The two companies have a couple of key things in common. They’re well-managed businesses and are long-term outperformers of the FTSE 100 — this despite their share prices currently being well below their previous highs.
ABF is over 25% below its all-time peak, and BAT is down around 45%. Nevertheless, ABF’s annualised total return (capital growth plus dividends) of 15% over the last 10 years has smashed the Footsie’s 10.1%. And BAT, even with its share price having almost halved, has outperformed with an annualised 10.7%.
The fact that both are long-term outperformers, trading at big discounts to their previous highs, makes them particularly attractive stocks to buy at the present time, in my view.
Not peak Primark
The world’s biggest Primark store opened in Birmingham a couple of weeks ago. Covering 160,000 sq ft over five floors, it comes complete with Disney-themed cafe, beauty studio, barber’s shop and other experiential offerings.
Seeing the mass media coverage and thousands queuing for the grand opening, I wondered if we were seeing peak Primark. Would we be looking back in a few years’ time, saying this was the day that prefigured the mighty retailer’s decline?
It was a fleeting thought. I’m confident Primark’s growth has further to run — a lot further — both at home and abroad. Europe is a market it’s already thriving in, while its more recent entry into the US represents a huge opportunity.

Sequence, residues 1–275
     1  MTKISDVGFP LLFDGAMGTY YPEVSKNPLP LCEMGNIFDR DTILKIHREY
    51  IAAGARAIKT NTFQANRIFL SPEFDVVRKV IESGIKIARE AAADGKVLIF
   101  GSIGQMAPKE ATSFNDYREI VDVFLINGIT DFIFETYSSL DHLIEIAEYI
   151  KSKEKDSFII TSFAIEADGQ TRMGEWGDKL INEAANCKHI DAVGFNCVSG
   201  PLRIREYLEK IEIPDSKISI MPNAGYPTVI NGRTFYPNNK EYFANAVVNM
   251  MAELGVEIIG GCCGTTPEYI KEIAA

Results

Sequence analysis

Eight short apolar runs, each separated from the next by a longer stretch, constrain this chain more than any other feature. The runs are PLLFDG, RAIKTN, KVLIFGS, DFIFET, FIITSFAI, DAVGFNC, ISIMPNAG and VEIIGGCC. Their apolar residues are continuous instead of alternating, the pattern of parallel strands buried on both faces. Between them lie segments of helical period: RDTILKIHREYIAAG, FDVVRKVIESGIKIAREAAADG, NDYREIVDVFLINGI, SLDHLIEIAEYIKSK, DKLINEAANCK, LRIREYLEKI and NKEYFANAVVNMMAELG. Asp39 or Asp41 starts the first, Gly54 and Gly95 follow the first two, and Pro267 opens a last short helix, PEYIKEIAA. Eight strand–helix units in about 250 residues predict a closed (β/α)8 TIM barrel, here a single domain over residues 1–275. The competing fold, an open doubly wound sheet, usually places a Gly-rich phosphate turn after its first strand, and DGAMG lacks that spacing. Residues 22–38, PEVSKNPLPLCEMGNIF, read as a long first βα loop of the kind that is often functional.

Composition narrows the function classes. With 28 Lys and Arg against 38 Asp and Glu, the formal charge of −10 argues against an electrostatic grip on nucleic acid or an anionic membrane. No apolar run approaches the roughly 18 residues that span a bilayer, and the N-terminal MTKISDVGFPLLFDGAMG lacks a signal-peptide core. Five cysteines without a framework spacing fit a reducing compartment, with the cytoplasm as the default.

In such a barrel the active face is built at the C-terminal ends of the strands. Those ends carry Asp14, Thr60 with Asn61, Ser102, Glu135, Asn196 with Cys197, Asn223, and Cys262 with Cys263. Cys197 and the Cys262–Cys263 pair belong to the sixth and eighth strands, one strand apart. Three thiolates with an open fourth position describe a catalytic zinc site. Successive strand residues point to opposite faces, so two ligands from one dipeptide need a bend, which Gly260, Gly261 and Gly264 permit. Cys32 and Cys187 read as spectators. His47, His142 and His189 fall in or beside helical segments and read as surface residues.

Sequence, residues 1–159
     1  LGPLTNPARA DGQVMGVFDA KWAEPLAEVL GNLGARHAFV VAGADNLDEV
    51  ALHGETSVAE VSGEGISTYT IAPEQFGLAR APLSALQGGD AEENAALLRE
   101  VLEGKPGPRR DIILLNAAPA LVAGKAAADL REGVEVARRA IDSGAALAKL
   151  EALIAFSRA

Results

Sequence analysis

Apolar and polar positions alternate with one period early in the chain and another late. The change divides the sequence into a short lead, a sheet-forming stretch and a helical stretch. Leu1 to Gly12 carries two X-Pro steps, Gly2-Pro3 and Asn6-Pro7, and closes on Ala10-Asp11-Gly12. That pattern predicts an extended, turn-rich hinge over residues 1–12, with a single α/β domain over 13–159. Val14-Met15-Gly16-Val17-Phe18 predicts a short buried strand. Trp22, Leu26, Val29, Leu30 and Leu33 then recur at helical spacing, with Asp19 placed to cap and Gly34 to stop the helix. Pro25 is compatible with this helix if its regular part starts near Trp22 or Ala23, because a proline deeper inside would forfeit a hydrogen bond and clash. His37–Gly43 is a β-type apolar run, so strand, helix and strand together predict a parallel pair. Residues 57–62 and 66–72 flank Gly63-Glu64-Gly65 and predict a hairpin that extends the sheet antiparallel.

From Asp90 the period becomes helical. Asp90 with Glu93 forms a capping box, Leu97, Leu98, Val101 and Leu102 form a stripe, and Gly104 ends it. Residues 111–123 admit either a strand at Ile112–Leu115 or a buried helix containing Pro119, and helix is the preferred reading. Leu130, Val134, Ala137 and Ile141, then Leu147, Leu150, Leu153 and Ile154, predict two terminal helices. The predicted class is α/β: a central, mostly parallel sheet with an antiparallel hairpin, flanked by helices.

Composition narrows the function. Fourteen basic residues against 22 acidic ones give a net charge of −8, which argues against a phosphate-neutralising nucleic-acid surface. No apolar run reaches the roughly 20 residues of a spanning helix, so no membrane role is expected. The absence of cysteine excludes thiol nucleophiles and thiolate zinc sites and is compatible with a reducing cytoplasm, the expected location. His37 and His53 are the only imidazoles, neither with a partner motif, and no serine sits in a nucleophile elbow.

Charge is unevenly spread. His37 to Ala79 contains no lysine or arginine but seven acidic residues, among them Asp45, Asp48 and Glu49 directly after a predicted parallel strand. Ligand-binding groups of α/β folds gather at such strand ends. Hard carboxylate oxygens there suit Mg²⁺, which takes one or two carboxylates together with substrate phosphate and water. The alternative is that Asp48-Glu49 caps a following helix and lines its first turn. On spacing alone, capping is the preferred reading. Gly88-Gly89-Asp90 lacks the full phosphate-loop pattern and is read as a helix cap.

Long growth runway
Parent company ABF’s half-year results last week, reviewed by my colleague Alan Oscroft, revealed a 25% increase in Primark’s profit. And the retailer’s growth story is ably supported by some solid food businesses in the ABF conglomerate.
The shares are trading at 19 times forecast earnings. I view this as good value, due to Primark’s long growth runway. However, investors after a high income will have to look to my second selection, because ABF’s prospective dividend yield is a modest 1.8%.
Investor sentiment towards tobacco stocks dived last year on rising concerns about regulation, particularly in the US. There’s been a bit of a recovery in sentiment this year but, as I mentioned earlier, BAT’s shares are around 45% below their all-time high.
The depressed price means the stock trades at just 9.5 times forecast earnings, and offers a prospective 7% dividend yield. For me, the metrics look good both for income seekers and investors looking to compound capital growth by reinvesting the dividends.
BAT held its AGM last Thursday, and the chairman couldn’t have sounded more upbeat about the future of the company. In his speech to shareholders, he said the matters of regulation and competitor dynamics in next-generation products, far from being negatives, “in fact present significant opportunities” for BAT. And he said he’s confident the group is in a strong position to deliver sustainable long-term earnings growth and dividend increases.
This very much accords with the view I’d taken on the company. I think the market has become far too pessimistic about BAT’s prospects and that, in due course, it will revert to rating it on a higher earnings multiple. As such, I think the stock offers great value today.
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G A Chester has no position in any of the shares mentioned. The Motley Fool UK has recommended Associated British Foods. Views expressed on the companies mentioned in this article are those of the writer and therefore may differ from the official recommendations we make in our subscription services such as Share Advisor, Hidden Winners and Pro. Here at The Motley Fool we believe that considering a diverse range of insights makes us better investors.